Considering then the limitation made to freedom of expression of the applicant’s in light of the refusal to grant registration, the Grand Board concluded – also having regard to the case law of the European Court of Human Rights – that this would be lawful, necessary and proportionate in the present circumstances.

Lack of distinctiveness

The registration of ‘COVIDIOT’ was also refused under Article 7(1)(b) EUTMR. In so doing, and drawing inspiration from the position adopted in relation to ‘BREXIT’, the Grand Board considered that the term ‘COVIDIOT’ “is understood only as a general reference to individuals who behave in an idiotic way in the context of the COVID pandemic” and not as a term indicating an undertaking.


When reading decisions concerning the public policy / morality absolute ground for refusal/invalidity, I cannot help but wonder: why make things so difficult? To me, an application like the one for ‘COVIDIOT’ could have been rejected more easily and – likely – more quickly solely by focusing on its inherent lack of distinctiveness. As noted by the Grand Board itself:
The relevant consumers will recognise the meaning of the word ‘covidiot’ exclusively as a term coinciding with a historical, social and political event. They will perceive the trade mark only as a reference to the event in question and, in the case of didactic games, to the topic when playing that game. That perception will prevent any possibility of perception of the trade mark as an indication of a specific industrial or commercial origin of the goods
There are some instances in which Article 7(1)(f) EUTMR does play a relevant role, a recent example being ‘PABLO ESCOBAR’, but more often than not it is a ground that adds undue complexity to trade mark examinations.

Having said that, the decision provides helpful guidance on the construction and application of the principles set forth by the CJEU in FACK JU GÖHTE, notably having regard at the lawful compression of one’s own freedom of commercial expression through denial of the possibility of registration of shocking, vulgar, and offensive signs.

In this regard, two key take-aways are the circumstances that: (i) the assessment of Article 7(1)(f) must be conducted having regard to when the application was filed, not a later time and (ii) a principle of morality may be ‘accepted’ by groups of persons that are not necessarily the majority in the reference territory. To justify this, the Grand Board inter alia referred to Article 2 TEU and the founding values of the EU and its Member States, including the need to respect the rights of minorities.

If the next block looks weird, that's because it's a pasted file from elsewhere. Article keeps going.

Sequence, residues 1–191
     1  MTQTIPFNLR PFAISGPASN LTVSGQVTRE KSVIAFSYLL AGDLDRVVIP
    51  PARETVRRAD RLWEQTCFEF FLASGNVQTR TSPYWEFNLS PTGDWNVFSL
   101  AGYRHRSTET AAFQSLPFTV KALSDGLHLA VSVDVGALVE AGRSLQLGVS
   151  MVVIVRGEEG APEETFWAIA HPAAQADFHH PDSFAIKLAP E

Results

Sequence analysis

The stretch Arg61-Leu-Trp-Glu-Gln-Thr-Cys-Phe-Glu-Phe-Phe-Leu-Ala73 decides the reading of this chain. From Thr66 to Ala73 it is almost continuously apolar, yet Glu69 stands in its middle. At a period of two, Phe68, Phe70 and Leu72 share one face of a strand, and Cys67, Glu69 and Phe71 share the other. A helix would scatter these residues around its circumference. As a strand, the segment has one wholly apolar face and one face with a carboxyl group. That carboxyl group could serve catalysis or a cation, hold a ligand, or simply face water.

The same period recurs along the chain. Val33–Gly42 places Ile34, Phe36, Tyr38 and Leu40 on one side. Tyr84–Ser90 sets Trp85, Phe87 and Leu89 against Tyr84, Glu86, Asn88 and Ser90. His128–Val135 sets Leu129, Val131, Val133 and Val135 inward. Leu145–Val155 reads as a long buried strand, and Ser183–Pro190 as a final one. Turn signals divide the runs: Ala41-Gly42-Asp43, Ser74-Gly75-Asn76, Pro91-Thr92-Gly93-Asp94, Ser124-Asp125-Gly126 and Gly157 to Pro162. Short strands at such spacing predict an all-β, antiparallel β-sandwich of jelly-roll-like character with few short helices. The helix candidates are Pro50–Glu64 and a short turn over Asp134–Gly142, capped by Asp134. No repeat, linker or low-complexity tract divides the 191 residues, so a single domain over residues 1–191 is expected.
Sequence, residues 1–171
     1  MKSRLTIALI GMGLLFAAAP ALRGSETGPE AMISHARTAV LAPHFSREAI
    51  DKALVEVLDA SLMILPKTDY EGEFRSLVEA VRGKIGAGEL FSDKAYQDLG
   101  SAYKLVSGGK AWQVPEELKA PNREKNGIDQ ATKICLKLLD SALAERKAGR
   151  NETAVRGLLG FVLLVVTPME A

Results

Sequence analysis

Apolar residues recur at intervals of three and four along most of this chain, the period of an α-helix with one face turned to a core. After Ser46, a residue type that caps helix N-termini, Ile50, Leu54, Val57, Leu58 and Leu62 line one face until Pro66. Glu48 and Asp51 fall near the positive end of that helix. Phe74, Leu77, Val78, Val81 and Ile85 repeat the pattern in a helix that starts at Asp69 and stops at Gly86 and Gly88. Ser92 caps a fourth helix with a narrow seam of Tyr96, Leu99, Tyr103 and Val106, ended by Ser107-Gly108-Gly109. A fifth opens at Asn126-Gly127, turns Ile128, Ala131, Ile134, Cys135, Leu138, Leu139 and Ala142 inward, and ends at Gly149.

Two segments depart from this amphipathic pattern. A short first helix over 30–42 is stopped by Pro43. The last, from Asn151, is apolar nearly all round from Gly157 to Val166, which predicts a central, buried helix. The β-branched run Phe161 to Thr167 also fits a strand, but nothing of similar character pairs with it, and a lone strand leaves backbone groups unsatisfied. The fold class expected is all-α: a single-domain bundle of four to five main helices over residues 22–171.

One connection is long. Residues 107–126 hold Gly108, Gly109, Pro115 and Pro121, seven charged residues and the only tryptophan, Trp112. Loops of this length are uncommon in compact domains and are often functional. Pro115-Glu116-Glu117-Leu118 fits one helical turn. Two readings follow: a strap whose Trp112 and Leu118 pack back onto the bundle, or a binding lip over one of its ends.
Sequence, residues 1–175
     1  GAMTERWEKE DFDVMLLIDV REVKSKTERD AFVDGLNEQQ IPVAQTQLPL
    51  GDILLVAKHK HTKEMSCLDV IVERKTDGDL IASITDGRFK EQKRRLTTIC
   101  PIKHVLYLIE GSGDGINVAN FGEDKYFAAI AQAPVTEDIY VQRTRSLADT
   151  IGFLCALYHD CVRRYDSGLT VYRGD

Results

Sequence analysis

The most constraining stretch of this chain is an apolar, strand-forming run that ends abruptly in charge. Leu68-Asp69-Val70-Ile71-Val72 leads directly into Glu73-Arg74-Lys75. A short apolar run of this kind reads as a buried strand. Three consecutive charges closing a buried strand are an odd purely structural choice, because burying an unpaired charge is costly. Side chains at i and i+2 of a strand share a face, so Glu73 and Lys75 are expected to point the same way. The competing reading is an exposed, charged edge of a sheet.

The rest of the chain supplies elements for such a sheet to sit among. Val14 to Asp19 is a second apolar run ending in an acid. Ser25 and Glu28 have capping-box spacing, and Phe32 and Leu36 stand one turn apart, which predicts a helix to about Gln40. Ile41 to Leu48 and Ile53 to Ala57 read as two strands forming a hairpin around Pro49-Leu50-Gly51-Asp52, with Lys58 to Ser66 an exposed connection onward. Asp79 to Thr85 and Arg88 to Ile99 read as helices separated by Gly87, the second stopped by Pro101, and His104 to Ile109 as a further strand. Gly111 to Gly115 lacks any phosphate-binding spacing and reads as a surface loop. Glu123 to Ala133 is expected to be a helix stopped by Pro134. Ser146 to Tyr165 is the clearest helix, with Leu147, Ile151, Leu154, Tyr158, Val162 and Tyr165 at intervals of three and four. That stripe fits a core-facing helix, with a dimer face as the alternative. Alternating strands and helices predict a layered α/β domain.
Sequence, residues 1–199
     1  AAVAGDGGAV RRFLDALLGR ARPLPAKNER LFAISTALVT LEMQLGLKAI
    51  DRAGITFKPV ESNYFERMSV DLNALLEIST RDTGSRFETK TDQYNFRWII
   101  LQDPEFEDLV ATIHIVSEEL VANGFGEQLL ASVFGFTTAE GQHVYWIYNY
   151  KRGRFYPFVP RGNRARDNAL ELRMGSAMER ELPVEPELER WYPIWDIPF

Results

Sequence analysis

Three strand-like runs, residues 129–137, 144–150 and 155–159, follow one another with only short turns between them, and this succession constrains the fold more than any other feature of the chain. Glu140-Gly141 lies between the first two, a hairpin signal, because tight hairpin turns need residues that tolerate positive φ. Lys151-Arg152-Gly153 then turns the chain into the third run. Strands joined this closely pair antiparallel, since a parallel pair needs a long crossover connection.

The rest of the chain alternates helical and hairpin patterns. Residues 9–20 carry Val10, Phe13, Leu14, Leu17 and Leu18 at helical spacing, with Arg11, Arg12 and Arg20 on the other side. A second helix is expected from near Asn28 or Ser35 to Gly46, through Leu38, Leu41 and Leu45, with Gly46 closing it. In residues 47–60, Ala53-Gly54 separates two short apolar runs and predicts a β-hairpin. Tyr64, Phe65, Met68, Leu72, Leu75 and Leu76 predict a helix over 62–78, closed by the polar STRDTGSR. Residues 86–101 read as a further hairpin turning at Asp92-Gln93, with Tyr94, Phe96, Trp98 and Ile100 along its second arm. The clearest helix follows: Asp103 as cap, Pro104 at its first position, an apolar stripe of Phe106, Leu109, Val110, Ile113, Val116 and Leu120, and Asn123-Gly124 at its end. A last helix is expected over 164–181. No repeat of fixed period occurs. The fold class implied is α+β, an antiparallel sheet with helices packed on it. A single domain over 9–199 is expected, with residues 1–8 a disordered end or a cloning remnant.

The latter point leads me to another, loosely related consideration. If I had to venture into a prediction, then I expect to see Article 2 TEU and/or the related wording of Article 21 of the EU Charter (the latter was specifically referenced in Deckmyn [IPKat here] to suggest that the alleged parody at issue in that copyright case should not be regarded as being lawful by the referring court) referred to also in the upcoming decision in another freedom of expression-related trade mark case: IKEA, C-298/23 [IPKat here and here].

While COVIDIOT concerned the freedom to register a trade mark, IKEA relates to the possibility of using someone’s (well-known) trade mark to exercise the freedom to hold and impart political views. The question is whether such an unauthorized use could be considered as occurring with “due cause” or be, instead, prima facie infringing. It might well be the case that the CJEU, perhaps also referring to the Grand Board decision in COVIDIOT, will refer to the founding values of the EU to conclude that the unauthorized use of someone’s well-known trade mark to convey a political expression that is discriminatory (as it appears to be the case in the background national proceedings) would be without due cause and be, therefore, actionable on the side of the trade mark owner.
At last: Habemus Covidiot!  At last: Habemus Covidiot! Reviewed by Eleonora Rosati on Sunday, June 02, 2024 Rating: 5